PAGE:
The passage was pretty uneventful with very few cargo ships and fishing boats around to give me grief.  Once dawn approached, Dan decided to throw out a couple of fishing lines and try our luck.  About an hour out from our destination, he managed to snag a tuna and spent the next half hour bludgeoning it to death and bleeding it out.  We now had a beautiful 10 pound bluefin tuna…..yum!  Of course, the back of our boat now looked like a murder scene…..who knew tuna had so much blood!  We pulled into the anchorage of Naxos below the beautiful, hilltop town of Taormina and the smoking beauty of the volcano Mt. Etna.  Before long, another catamaran came in and dropped anchor near us, and much to our surprise, they were flying an American flag!  When the back of their boat became visible, we saw that they were registered in Dallas, Texas.  It’s not often we run into Americans on our journey, so of course we had to invite them over for drinks and stories that night.  This very young couple had taken a sabbatical from work, bought a boat, were logging some serious miles throughout Europe before sailing the boat back to America this winter.  We were seriously impressed!

Caught a tuna just outside of Taormina Sicily!
Sushi anyone?

We planned to spend two days at anchor before moving over to the mooring balls at the other end of the bay to pick up our guests and explore the sites.  I awoke the next morning at 5:00 a.m. to the boat pitching around wildly.  Apparently the Straits of Messina were blowing strong again which sent 3-4 foot rollers into the bay and directly into the side of our boat.  We rode it out for a few hours hoping it would die down, but it only got worse.  When things started crashing to the floor and toppling INSIDE the cabinets, we decided it was time to go.  Luckily, the mooring ball field was very sheltered from the swell and could take us earlier than we had originally planned.  As we made our way across the bay, I went to the front to get our lines ready.  Not my brightest move.  A roller came, and I felt the deck drop out from under my feet….oh this was not going to end well.  As it flew back up and crashed back under my feet, I tossed my body onto the deck top and held on.  I decided to finish the lines in calmer water.

Mt Etna billowing smoke makes for an atmospheric anchorage

Before long, our friend Tim and his son joined us on Zoe.  We had big plans the following day.  We would take the bus up to the beautiful city of Taormina and explore for a few hours before meeting our driver and guide who would be taking us to explore Mt. Etna.  We wandered the streets of Taormina taking in all the beautiful buildings before wandering up to an Ancient Greek Amphitheater.  Unfortunately, it was a blistering hot day, and we were all struggling with the oppressive heat.  Soon it was time to head  back down to the bus depot to meet our driver.  We all prayed he had a car with air conditioning.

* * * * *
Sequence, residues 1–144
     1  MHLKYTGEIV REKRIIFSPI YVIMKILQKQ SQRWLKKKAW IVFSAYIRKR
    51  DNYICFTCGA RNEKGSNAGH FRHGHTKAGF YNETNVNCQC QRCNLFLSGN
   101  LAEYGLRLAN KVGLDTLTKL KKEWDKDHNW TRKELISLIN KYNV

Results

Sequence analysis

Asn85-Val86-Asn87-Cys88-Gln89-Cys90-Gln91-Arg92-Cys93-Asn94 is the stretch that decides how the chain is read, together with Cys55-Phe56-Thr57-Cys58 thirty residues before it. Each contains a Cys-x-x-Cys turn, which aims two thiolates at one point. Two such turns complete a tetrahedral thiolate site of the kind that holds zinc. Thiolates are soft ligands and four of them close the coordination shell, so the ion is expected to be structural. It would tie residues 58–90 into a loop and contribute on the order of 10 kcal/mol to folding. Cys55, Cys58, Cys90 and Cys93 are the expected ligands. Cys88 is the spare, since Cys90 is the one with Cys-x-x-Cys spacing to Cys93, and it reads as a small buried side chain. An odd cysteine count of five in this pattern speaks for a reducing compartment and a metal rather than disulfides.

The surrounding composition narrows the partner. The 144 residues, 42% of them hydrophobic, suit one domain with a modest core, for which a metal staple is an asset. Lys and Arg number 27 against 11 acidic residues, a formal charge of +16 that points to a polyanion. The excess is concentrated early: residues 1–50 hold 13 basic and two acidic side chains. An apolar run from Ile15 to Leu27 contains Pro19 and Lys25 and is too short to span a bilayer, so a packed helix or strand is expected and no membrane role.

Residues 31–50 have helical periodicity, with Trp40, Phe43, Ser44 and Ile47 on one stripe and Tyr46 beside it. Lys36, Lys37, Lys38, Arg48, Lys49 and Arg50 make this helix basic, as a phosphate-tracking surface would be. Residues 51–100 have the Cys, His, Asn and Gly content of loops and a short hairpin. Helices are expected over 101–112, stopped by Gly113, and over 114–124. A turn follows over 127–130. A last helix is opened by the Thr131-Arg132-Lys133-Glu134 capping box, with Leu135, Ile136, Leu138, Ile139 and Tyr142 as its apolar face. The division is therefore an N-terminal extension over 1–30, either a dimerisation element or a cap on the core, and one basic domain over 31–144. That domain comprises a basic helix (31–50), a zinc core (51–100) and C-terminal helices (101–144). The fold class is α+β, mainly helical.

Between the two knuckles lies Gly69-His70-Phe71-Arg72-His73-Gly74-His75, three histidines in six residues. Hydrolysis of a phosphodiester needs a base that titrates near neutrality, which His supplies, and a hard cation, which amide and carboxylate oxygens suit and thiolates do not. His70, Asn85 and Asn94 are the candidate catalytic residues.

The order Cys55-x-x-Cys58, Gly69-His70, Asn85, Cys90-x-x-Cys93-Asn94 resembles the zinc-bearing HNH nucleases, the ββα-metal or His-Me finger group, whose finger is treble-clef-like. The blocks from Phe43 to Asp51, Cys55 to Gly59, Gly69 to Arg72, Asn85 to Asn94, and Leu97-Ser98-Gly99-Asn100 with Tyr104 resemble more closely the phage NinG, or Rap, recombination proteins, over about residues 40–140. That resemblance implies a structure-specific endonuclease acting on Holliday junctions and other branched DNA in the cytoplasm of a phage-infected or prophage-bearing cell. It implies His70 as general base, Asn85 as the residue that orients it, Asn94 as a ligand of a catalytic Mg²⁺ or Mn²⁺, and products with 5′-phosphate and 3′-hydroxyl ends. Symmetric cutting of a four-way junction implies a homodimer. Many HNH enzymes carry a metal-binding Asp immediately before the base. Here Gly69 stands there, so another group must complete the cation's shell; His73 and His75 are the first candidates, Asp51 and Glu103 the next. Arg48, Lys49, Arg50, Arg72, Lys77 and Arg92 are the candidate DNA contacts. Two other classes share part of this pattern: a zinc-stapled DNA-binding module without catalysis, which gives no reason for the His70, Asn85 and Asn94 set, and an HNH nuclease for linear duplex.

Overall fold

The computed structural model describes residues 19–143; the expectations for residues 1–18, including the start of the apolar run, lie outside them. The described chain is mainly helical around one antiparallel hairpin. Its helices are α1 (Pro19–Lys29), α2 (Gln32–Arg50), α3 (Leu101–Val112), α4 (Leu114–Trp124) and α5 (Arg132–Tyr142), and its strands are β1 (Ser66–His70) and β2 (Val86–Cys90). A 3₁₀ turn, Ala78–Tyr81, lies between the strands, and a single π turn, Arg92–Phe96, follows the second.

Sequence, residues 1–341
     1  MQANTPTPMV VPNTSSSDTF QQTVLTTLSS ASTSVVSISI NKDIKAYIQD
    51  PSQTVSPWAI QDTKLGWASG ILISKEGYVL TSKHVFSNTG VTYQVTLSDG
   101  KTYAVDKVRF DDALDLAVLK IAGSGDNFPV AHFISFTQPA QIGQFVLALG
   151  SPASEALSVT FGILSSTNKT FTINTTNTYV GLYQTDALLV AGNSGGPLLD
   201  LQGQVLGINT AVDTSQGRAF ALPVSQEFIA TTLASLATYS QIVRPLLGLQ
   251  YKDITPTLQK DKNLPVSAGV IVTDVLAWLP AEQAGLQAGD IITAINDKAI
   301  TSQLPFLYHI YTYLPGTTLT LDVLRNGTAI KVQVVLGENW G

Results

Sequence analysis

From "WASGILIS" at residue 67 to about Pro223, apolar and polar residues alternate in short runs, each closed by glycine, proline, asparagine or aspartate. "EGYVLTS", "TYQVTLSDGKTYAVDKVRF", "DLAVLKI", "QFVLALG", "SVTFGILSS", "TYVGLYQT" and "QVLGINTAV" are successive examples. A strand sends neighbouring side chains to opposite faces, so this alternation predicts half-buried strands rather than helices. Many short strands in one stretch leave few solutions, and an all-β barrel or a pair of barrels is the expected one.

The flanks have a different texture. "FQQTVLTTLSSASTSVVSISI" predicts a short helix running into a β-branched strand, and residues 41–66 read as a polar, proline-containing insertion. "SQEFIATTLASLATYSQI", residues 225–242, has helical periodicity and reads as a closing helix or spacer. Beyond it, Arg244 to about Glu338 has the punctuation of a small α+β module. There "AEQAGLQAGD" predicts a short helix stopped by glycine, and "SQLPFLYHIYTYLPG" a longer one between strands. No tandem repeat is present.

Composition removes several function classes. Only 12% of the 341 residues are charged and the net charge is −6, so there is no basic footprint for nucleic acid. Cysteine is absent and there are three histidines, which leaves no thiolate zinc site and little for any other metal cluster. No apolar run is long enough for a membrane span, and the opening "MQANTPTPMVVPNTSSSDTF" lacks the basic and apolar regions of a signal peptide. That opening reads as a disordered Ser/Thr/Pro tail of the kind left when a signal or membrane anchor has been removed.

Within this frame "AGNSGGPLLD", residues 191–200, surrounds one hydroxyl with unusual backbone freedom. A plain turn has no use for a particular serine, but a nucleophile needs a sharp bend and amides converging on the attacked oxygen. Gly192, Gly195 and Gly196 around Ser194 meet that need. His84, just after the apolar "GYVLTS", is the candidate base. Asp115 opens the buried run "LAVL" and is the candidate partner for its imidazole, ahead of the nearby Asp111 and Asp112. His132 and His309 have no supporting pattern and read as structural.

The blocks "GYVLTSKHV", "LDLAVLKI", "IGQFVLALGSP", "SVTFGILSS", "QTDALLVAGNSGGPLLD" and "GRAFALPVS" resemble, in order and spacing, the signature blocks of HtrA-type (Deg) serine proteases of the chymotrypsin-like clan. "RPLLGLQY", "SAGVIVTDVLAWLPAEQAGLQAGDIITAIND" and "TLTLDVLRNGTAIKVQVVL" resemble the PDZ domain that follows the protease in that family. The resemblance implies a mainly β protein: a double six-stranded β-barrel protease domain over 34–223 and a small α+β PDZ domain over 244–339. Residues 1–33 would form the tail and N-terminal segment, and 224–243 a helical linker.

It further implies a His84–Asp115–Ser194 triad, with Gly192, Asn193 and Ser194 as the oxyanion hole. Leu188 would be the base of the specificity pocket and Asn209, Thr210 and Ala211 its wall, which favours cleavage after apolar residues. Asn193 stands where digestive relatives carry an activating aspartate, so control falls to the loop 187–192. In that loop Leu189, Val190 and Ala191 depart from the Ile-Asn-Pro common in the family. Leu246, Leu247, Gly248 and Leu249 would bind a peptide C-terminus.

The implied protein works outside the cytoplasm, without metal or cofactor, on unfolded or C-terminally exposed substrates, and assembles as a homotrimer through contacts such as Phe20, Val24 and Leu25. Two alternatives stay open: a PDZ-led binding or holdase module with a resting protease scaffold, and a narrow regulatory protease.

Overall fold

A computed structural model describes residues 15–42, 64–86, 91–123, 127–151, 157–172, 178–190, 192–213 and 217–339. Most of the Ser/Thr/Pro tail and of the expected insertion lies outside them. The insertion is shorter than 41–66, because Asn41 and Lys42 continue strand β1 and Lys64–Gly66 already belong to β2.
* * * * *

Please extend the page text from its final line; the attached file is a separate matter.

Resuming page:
The gang headed in for a day of exploring the charms of Sicily
Wandering the ancient cobblestone streets of Taormina
The Dallas roomies back together again (though missing one!!)
Quintessential Italia!
Exploring some Roman ruins
The ancient roman theatre of Taormina
Taormina at night from the mooring field

We met our driver and guide and headed out on our hour and a half drive up to Mt. Etna.  It truly is a magnificent volcano to see up close and personal.  We made several stops on our drive up where we explored the topography of the volcano, the resulting landscape changes from eruptions, and talked about the history of the volcano.  It is THE most studied volcano in the world because of it’s unique nature.  The summit area consists of 4 summit craters.  Another part of our excursion had us putting on hard hats for an exploration of an amazing lava tube.  We descended deep into the depths of this tube complete with dripping stalactites.  It was wonderfully cool down in the tube.  We were told if there was any seismic activity, access to the tubes would be forbidden due to the dangers.  After we learned about the tubes, we headed off to some hiking trails through the volcanic sands.  Here we had some amazing views of the surrounding area and some of the ancient craters.  The diversity of landscape on the mountain is incredible.  Some areas look like you are on the moon, and other areas are rich in birch trees and abundant greenery.  Sadly, we did not see any lava flows or cool stuff like that.